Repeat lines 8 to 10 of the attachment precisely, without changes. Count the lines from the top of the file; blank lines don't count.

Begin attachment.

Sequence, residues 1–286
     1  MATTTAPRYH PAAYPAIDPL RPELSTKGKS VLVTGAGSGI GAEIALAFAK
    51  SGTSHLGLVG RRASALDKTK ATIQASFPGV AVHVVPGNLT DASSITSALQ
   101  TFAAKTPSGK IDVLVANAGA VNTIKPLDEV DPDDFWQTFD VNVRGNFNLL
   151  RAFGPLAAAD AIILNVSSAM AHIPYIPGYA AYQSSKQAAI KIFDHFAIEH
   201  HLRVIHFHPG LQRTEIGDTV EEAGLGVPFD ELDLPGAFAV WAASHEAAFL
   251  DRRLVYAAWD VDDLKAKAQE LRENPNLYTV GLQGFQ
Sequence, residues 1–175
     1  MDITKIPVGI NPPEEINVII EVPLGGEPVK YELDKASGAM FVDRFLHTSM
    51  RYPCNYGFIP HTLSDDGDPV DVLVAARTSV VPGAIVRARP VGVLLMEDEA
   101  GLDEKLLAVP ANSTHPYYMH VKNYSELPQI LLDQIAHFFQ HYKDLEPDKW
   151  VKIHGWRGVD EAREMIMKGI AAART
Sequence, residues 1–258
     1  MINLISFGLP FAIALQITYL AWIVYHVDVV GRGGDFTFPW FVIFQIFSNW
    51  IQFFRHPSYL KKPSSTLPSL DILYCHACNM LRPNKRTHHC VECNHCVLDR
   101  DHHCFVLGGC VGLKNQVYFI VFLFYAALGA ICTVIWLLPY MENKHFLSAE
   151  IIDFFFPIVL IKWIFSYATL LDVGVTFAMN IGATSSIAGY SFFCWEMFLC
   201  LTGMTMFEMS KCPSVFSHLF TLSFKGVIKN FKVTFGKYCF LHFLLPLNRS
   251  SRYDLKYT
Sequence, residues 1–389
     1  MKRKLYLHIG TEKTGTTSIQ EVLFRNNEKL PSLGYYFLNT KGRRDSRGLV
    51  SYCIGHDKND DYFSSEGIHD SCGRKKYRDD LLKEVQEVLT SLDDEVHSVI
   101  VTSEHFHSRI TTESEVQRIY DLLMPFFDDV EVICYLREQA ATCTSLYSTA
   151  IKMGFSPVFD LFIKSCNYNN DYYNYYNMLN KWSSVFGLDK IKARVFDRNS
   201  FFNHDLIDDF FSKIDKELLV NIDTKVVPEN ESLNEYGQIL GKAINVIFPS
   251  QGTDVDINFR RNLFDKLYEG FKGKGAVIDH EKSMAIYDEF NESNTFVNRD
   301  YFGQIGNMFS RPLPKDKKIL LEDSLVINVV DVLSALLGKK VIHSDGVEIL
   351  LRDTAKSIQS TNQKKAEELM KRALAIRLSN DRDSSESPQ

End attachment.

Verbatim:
Sequence, residues 1–175
     1  MDITKIPVGI NPPEEINVII EVPLGGEPVK YELDKASGAM FVDRFLHTSM
    51  RYPCNYGFIP HTLSDDGDPV DVLVAARTSV VPGAIVRARP VGVLLMEDEA